Monday, November 04, 2013

Secular/Anti-Secular and Left/Right in Egypt; reexamining the 2012 presidential elections

The rabbit hole goes deeper still, but also yields a better explanation of what happened during summer 2012. Following on the earlier post today, I decided to look at the breakdown of attitudes toward free markets by perception of religious role in politics and views of whether the respondents wanted a larger or smaller role.

Below is an association plot, which shows for each cross cell between these two variables deviations from an independence model.

Association table for attitudes toward religion in politics and the role of free markets
Two big sets of deviations are apparent:

  • The anti-secular left is represented by the two positive big boxes near the bottom left (role of religion is large, that is a good thing, and disagree that free markets help most people)
  • The anti-secular right is represented by two positive big boxes near the top right (role of religion is small, that is a bad thing, and agree strongly that free markets help most people)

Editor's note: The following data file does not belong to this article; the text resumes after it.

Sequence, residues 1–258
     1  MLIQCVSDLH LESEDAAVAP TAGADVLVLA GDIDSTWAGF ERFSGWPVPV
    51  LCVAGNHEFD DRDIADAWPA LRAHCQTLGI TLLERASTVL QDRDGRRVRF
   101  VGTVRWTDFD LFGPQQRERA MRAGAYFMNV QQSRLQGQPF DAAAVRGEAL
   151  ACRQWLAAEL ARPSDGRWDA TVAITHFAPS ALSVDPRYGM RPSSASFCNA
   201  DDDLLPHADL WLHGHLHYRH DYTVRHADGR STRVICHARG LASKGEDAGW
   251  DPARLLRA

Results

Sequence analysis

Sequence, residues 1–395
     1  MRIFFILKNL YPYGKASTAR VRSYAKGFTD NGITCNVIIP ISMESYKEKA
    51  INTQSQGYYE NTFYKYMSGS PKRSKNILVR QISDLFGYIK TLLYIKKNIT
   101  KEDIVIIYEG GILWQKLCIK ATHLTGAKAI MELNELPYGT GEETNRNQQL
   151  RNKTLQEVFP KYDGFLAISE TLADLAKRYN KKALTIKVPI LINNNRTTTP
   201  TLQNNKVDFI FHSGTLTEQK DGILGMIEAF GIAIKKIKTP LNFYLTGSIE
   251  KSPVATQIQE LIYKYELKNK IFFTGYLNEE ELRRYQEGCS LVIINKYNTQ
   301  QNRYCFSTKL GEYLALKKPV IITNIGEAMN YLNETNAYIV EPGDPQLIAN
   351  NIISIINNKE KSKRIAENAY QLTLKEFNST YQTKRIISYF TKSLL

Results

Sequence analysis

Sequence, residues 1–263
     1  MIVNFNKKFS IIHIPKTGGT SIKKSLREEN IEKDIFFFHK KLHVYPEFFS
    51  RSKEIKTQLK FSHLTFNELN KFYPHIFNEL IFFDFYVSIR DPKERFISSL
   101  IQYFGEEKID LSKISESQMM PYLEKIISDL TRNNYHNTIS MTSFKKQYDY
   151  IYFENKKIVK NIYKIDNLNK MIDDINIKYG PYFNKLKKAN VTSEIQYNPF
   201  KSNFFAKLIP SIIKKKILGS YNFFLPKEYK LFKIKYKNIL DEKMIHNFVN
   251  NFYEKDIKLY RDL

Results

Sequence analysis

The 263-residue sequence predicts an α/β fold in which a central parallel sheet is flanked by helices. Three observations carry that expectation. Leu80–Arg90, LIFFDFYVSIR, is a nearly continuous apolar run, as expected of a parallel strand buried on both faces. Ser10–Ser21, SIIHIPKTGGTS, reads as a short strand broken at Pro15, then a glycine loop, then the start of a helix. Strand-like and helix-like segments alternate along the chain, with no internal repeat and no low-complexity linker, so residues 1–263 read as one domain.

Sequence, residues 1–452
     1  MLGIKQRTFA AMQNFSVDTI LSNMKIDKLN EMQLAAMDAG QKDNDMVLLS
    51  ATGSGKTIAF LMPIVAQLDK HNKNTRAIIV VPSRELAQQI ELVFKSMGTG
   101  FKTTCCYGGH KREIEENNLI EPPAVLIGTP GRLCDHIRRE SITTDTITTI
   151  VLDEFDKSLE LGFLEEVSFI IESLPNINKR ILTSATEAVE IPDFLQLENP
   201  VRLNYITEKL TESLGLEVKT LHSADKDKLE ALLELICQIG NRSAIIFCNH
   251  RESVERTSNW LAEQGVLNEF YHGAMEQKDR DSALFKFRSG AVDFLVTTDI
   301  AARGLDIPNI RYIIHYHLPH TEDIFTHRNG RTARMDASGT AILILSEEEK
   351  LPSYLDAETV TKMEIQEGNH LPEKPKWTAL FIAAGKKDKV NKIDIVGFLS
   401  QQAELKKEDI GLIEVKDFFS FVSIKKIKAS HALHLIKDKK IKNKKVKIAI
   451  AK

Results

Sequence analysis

That explains why the religious "right" (socially speaking, I refer to this as anti-secular) is fragmented. Those with more Salafi leanings, I suppose, who think that more religion in politics would be a good thing, and lament its absence, are pro-market! Is this the Khairat El-Shater types? In the meantime, those who believe that there is already a large role of religion in politics and that this is a good thing are anti-market. Is this the Abdul-Monem Abul-Fotouh types?

Of course, there are also the secular left (top two large negative boxes in the second column from right, those who believe that role of religion is small and that is a good thing, but want less free market), and the secular right (bottom two negative boxes in second column from right, role of religion is small, and that is a good thing, but they would like more free market).

Current polarization of Egyptian society is along the secular anti-secular dimension, but because both have right-left divisions on economic grounds, neither can get their act together.

As argued in a much earlier post (and lecture at AUC) in May 2012 before the presidential elections, I argued that the political center was split between the anti-secular left (Abou El Fotouh) and the secular left (Sabbahi). Sure enough, these are the four large positive boxes near the bottom left and top right shown here. As I argued then, a coalition of the two would have easily won the election, but in the event, votes were divided and the two extremes of the anti-secular right (Morsi) and the secular right (Shafiq) made it to the second round, with low enthusiasm for both.


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